I planned to drink at more bars for obsessives (Benfiddich was not terribly far from my apartment but it was too early or closed the days I was nearby) and also ones that had female bartenders (horrible headline warning). That didn’t really pan out. I am glad that I did make it to Gen Yamamoto.
(I had intended to take the subway there, just off two days in Seoul where I took buses and subways all over with ease, but the multiple train and subway lines from different companies was confounding and at this particular station there wasn’t a map in English so you couldn’t safely choose your end stop. I realize NYC is an anomaly but subways are so easy when it’s not distance-based. Plus, you don’t have to hold on to your ticket to exit. So, we hailed a taxi in desperation and even though he was driving at a respectable speed, it soon became clear we would be late. I was phobic of being tardy in Japan because I know it’s very frowned upon. Hilariously, I was scrolling Google maps in the taxi and I accidentally hit the link to call Gen Yamamoto. I never ever call places, it’s totally anxiety-provoking, so I was surprised that I didn’t hang up. On the spot, I just said I had a reservation at 5:30 and would be five minutes late. I was thanked profusely, and then again in person, and now I wonder if I’ve been living my life wrong all this time. We were five minutes late, but the three other people who shared our reservation all arrived later fyi.)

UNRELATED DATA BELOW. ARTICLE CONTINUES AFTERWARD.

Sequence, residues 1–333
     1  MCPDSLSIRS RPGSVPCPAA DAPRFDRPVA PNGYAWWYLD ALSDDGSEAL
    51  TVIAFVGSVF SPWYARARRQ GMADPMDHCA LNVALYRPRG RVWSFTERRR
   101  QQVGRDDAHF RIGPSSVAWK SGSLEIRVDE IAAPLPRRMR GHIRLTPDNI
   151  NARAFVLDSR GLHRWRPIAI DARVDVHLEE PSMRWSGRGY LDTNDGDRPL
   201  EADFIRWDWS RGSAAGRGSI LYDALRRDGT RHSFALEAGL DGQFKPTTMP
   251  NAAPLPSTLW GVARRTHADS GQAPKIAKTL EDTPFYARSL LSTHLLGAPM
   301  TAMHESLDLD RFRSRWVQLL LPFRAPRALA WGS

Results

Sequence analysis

I naively thought we would order the four-drink $39 omakase, but I hadn’t gotten into the rhythm of Tokyo yet. When you’re seated it’s so peaceful and the bartender takes so much care, it would almost be insulting to not stay for the additional two cocktails. (Also, it’s slightly awkward to leave when there are three other guests that are staying.) There’s a time for slamming a bowl of ramen and another for sipping seasonal cocktails.
- Gooseberry with sparking rice wine
- Barley sake, Granny Smith, green tea
- Filtered sake. I wrote “Nihinga pear sweeter 1 month after harvest” but there does not appear to be something called a Nihinga pear. I’m assuming it was a misheard city or region because on the online menu (which has completely changed) each fruit is assigned an origin.
- Cotswold gin, ginger, yuzu. Everyone seemed to like this the most, because it had more of a kick and was less subtle than the drinks made with sake.
- Suntory whiskey, water, ume. Yamamoto was a huge Suntory fan, which was interesting. One of the couples from LA asked his favorite whisky, expecting something esoteric. It’s the consistency that he prizes.
- Roasted sweet potato, milk, chocolate
More on drinking in Tokyo in The Middle Ages.
Gen Yamamoto * 1-6-4 Azabu-Juban, Minato-ku, Tokyo 106-0045, Japan